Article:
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Philosophical Bunting Vol. IV

Anaximander slugged .671 as a second basemen before introducing cosmology to The West

Anaximander (610 – 546 BC) with a sundial. Roman mosaic. 3rd century. Photo by: PHAS/Universal Images Group via Getty Images

Myles Straw squares around.

Earlier this week he missed. He muscled the next pitch past an unsuspecting third baseman who remained scooted up. You know. In case of bunts.

Yesterday, Steven Kwan fouled off a bunt. He roped the next pitch more or less where a third baseman could have been. But bunts, man. What if he bunted?

Hit ‘em where they aren’t.


On this collection of clay tablets, prior discourse focused on the value of successful bunts. Those following the Guardians are aware of third basemen cruelly manipulated into ludicrous places just because somebody held a bat parallel to the ground and then pulled it back.

How much is it worth to move a third basemen? And how far? Is it worth a strike?

Sometimes the pitch will be a ball. Sometimes it will become a foul ball, and hitters will have lost a strike. Sometimes hitters will bunt directly into an out and look like an idiot.

So did Mickey.


I still think one boosts their overall on-base percentage by attempting (or pretending to attempt) a bunt every so often.

At the very least, somebody on the team needs to bunt every game. Early. I want Scooter Quaday thinking about errors early and often at the hot corner. He’ll know when he would have had that one at normal depth, too.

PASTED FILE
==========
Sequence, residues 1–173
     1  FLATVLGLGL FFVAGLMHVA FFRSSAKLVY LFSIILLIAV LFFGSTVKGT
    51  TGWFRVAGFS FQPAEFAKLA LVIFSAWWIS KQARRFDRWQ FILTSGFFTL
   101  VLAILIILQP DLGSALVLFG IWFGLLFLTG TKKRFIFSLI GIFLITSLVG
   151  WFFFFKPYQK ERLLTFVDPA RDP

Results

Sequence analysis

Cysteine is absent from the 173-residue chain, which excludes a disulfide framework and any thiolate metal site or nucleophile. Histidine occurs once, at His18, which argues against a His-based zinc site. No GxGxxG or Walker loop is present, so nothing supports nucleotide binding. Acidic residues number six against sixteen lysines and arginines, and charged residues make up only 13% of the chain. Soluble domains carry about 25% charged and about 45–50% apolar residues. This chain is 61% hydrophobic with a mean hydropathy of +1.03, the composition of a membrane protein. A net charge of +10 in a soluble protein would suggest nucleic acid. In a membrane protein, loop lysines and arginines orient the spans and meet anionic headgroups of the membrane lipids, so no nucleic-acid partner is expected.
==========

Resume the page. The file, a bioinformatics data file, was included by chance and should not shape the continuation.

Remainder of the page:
Colliding with the pitcher is neat, but sometimes a guy get so flustered that he throws to the wrong base and still misses. It’s hilarious, and I suspect it’s worth a tasty chunk of Runs Created.


What we are really after are the runs that are attributed to something else but were influenced by the bunt. Of all the future Kwans and Straws to score a run, how many will have reached base due to poor positioning, awareness, or grip strength? How many singles the other way would have met leather if not for coach waving a Bunt Warning flag?

It is up to them. How often should they bunt? One answer is “in whatever way maximizes their contribution to the Run Scoring Department (lineup)”. Like many ideals, it isn’t actually a practical way to approach the situation.

In reality, it must be part of a lineup that operates in two modes — one that involves reaching base and advancing runners, and another that drives them home.


You can do that with a bunt, too. You don’t even have to make contact.